B): $f_s \geq 2B = 2\cdot(2015-1612) = 2\cdot 403 = 806$.
"Second-order" bandpass sampling is described in this paper (or older, here). It's sampling $x(t)$ at a lower sampling rate, $M$ times, each with a different offset - then keeping only (carefully selected) 2 of the $M$ sequences:
x_A(n) &= x(n / f_0) \\
x_B(n) &= x(n / f_0 + k) \\
x(n) &= x_A(n) + x_B(n)
The trick is in appropriately choosing $f_0$ and $k$. Graphically, $x(t)$'s spectrum is
and it sampled at $f_0 = 2B$ is (showing one half of one of the sequences)
(Sampling in time <=> Periodizing in frequency). From above it's clear that an appropriate combination of samplings of $x(t)$ at a rate $f_s \geq 2B$ will uniquely represent $x(t)$. This theoretical minimum average sampling rate, $2B$, is called the Nyquist-Landau rate.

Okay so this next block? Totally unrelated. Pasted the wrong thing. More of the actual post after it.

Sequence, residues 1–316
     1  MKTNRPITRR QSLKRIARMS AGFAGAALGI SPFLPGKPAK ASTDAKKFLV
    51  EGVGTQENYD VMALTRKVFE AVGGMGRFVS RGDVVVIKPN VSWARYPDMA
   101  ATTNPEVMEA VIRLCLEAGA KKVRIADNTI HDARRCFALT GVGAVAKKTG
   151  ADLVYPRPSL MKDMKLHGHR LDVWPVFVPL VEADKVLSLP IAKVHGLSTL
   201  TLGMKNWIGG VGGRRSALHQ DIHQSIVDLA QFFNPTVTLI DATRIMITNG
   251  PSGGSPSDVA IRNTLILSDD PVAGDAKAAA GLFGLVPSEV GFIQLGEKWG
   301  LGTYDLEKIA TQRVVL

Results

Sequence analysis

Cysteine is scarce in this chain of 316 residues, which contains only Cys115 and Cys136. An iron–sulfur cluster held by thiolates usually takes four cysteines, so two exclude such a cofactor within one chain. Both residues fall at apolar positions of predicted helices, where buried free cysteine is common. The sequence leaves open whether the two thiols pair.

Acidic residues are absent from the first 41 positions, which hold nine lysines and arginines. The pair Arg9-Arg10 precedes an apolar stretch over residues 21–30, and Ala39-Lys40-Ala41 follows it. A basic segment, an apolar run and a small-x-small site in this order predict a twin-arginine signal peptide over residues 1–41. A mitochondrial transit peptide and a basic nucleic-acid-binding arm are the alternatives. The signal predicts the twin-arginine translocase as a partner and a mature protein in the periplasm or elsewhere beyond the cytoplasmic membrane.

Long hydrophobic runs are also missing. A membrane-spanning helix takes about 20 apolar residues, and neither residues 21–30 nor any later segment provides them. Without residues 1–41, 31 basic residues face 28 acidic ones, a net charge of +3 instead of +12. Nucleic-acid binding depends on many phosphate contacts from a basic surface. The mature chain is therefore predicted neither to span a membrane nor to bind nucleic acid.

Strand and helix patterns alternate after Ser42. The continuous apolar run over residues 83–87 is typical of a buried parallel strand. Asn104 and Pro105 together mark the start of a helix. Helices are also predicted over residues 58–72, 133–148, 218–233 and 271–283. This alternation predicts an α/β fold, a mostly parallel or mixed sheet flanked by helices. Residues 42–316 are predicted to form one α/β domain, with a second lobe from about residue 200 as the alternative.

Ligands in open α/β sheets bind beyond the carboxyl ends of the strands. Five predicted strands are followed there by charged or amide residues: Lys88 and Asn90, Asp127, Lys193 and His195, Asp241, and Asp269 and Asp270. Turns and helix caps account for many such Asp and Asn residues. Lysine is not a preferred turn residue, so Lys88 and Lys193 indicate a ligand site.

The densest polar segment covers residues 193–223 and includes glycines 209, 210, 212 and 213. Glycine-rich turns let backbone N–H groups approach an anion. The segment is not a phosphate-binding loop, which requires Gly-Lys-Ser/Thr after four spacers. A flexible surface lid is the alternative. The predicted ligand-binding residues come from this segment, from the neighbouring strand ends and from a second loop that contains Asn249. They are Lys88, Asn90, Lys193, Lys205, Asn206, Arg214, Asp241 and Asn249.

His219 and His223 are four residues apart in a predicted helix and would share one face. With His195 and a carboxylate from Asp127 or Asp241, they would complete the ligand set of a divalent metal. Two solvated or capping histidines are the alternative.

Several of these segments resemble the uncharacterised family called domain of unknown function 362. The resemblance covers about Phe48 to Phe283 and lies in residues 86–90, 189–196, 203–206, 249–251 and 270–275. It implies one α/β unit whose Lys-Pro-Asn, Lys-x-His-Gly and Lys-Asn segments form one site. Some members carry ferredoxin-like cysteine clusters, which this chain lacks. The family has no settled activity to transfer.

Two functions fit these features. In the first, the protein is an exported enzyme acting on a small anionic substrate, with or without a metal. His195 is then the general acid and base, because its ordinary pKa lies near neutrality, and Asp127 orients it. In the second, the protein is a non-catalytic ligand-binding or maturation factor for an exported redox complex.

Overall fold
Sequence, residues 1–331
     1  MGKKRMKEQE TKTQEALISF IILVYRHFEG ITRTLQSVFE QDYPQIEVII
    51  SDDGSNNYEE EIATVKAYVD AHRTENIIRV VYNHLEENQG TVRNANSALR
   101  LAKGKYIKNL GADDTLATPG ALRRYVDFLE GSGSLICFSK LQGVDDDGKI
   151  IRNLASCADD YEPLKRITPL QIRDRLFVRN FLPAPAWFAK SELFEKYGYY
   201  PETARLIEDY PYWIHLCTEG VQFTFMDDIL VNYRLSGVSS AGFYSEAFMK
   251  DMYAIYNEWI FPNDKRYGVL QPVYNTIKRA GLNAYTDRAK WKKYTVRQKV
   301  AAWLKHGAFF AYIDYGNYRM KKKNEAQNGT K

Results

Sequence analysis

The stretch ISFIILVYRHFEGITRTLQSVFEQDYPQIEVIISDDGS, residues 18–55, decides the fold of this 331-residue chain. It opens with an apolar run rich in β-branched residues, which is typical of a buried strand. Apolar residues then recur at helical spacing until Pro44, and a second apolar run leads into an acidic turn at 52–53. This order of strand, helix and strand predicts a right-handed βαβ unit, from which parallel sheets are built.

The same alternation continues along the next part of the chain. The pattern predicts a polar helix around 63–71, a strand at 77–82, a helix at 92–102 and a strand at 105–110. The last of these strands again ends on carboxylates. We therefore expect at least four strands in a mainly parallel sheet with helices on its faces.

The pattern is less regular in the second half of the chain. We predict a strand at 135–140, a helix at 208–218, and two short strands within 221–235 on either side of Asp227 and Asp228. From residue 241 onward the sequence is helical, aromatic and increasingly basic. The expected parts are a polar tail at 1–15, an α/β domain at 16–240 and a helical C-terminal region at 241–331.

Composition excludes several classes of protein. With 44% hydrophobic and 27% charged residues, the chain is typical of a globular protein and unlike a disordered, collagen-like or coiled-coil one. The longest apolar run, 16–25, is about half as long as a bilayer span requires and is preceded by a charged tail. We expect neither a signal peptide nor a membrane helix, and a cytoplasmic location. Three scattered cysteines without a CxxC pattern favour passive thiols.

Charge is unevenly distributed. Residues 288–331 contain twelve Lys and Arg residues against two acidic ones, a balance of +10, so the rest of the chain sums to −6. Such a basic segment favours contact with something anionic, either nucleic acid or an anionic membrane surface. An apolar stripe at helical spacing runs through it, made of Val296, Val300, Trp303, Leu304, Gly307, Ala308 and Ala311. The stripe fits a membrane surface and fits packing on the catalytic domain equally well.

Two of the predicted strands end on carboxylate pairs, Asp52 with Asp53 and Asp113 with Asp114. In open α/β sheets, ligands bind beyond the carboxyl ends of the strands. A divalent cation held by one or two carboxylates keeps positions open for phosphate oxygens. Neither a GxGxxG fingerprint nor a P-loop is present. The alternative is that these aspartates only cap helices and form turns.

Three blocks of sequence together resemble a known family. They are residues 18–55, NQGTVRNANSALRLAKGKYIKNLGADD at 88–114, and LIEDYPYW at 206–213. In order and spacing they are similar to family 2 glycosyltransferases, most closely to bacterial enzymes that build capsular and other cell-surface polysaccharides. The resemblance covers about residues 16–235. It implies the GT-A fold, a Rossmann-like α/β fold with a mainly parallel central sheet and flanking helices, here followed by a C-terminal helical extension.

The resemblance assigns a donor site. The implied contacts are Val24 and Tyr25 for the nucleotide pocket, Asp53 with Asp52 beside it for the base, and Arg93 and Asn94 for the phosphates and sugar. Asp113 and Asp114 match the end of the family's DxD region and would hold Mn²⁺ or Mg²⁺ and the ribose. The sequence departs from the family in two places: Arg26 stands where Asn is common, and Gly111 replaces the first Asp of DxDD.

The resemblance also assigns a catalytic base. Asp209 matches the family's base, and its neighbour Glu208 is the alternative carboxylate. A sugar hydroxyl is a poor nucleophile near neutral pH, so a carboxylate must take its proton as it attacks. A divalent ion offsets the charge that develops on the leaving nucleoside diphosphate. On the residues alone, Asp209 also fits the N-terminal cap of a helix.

The motivation is described in paper introduction:
Uniform sampling of $x(t)$ at the Nyquist rate $2(f_L + B)$ will be impractical when the frequency is high because this will increase the power consumption of the ADC applied in the sampling operation, resulting in reduced overall system efficiency.
But don't be mislead; the Nyquist frequency imposes a fundamental limit on representing variations with finite number of samples. A consequence is, to recover $x(t)$, we require specifically designed interpolation functions that use the knowledge of $f_L$ and $B$. The dependence on $B$ follows directly from inability to represent a greater range of variations with fewer samples.